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obligations. In their due discharge consists all the nobility, and in their neglect the disgrace, of character. We are not born for ourselves only, but for our kindred and fatherland. Honour is based on our inherent excellence of nature, from which springs also truth, fellow-feeling, and justice; whilst injustice proceeds from avarice, or ambition, or from selfishness. Open violence he holds to be less odious than secret villany. War should be carried on in a generous temper, not in the spirit of extermination. It is possible to be liberal at another person's expense, as well as to ruin one's fortune by prodigal hospitality. Charity should begin at home, but is not to be narrowed by the ties of blood, or sect, or party. We should act in the spirit of the ancient law-Thou shalt keep no man from the running stream, or from lighting his torch at thy hearth.' Another component part of honour is courage, or greatness of soul, which includes a generous contempt for ordinary objects of ambition. Gesture and deportment are also necessary to the formation of character; not to care what people think of us is a sign not so much of pride as of immodesty. Want of tact produces the same discord in society as a false note in music. Nothing is so difficult as the choice of a profession, which commonly has to be made when the judgment is weakest. The noblest inheritance which a father can bequeath to his son is the fame of his virtues and glorious actions; and the saddest of all sights is that of a noble house dragged through the mire by some degenerate descendant. Cicero's comments on trades and professions read like those of modern English society. Tax-gatherers and usurers were as unpopular then as now. Retail trades and mechanics were despicable and mean, especially those ministering to appetite or luxury; but medicine, architecture, education, farming, and wholesale business were gentlemanly professions; and a merchant who retired to a landed estate was justly deserving of praise. The section ends with earnest advice to all to put their principles into practice, and to each citizen to take his place in public life, if the times demand it, though he be able to number the stars and measure out the world.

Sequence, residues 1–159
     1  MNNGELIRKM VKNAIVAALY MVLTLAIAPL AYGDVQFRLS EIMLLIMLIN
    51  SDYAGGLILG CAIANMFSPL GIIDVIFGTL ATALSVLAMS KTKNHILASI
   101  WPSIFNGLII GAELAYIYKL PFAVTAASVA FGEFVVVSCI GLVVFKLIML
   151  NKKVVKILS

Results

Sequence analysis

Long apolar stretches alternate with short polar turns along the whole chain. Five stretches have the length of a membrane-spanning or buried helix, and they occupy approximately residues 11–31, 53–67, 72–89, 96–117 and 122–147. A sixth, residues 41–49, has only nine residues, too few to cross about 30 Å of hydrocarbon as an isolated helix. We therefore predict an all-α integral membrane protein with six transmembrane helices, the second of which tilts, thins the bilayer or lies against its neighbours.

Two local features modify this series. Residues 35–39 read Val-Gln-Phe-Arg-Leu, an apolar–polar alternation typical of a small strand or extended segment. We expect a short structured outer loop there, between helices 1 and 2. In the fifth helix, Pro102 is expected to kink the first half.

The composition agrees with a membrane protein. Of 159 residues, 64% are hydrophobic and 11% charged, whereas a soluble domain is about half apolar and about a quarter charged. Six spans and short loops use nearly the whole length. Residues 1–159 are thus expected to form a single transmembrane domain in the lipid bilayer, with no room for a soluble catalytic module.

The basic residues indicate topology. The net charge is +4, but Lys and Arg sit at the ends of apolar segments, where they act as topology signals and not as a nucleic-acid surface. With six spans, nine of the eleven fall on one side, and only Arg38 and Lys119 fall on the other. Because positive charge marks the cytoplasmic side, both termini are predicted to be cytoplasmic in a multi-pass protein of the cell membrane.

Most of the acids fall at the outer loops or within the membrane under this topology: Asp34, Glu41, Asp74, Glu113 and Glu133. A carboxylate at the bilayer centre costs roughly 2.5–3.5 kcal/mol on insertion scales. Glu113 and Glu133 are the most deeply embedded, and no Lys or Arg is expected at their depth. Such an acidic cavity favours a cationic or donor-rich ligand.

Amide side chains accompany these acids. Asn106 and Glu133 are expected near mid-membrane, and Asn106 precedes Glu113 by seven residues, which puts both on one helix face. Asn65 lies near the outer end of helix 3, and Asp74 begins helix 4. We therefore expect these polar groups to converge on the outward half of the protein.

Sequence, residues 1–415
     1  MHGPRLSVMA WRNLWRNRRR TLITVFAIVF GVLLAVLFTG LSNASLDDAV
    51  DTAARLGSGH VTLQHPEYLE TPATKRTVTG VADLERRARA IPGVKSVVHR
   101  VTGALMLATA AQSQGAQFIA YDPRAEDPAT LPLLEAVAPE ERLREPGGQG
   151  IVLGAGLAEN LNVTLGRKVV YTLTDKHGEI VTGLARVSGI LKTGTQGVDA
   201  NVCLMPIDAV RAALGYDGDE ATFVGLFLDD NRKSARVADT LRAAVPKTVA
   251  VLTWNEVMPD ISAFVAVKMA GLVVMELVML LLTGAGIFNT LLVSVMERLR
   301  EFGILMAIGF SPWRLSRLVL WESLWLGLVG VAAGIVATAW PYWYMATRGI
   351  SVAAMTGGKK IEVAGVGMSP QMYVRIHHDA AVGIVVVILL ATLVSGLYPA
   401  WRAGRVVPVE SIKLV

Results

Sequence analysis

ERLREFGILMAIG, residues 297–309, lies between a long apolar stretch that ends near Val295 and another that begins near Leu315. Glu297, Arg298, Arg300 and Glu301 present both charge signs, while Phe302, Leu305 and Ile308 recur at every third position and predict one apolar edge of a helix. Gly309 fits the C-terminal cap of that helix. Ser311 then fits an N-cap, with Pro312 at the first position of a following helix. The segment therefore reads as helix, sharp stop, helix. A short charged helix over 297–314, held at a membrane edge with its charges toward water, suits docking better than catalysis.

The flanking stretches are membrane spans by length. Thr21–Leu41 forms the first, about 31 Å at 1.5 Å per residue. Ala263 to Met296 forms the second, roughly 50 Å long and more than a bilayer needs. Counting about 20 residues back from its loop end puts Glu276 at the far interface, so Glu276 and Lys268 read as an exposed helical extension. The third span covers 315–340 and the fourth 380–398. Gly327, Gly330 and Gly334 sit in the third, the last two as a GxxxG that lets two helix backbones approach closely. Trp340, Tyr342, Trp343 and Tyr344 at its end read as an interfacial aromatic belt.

In the next book, he remarks that generally men make the fatal mistake of assuming that being honourable will clash with their interests; while, in reality, they would obtain their ends best, not by knavery and underhand dealing, but by justice and integrity. Another important question is the art of winning men's affections and confidence, for no force of power can bear up long against a current of public hate; and liberty, when she has been chained up a while, bites harder when let loose than if she had never been chained at all. The shortest road to real influence is for a man to be that which he wishes men to take him for. Then follow some sound conservative maxims. There must be no playing with vested rights, no unequal taxation, no cancelling of debts and redistribution of land to win favour with the people. And, as a man should be careful of the interests of the social body, so he should be of his own; but on this subject Cicero refers his son to Xenophon's 'Economics;' and for instruction on money matters to gentlemen on the exchange, who will teach him much better than the philosophers.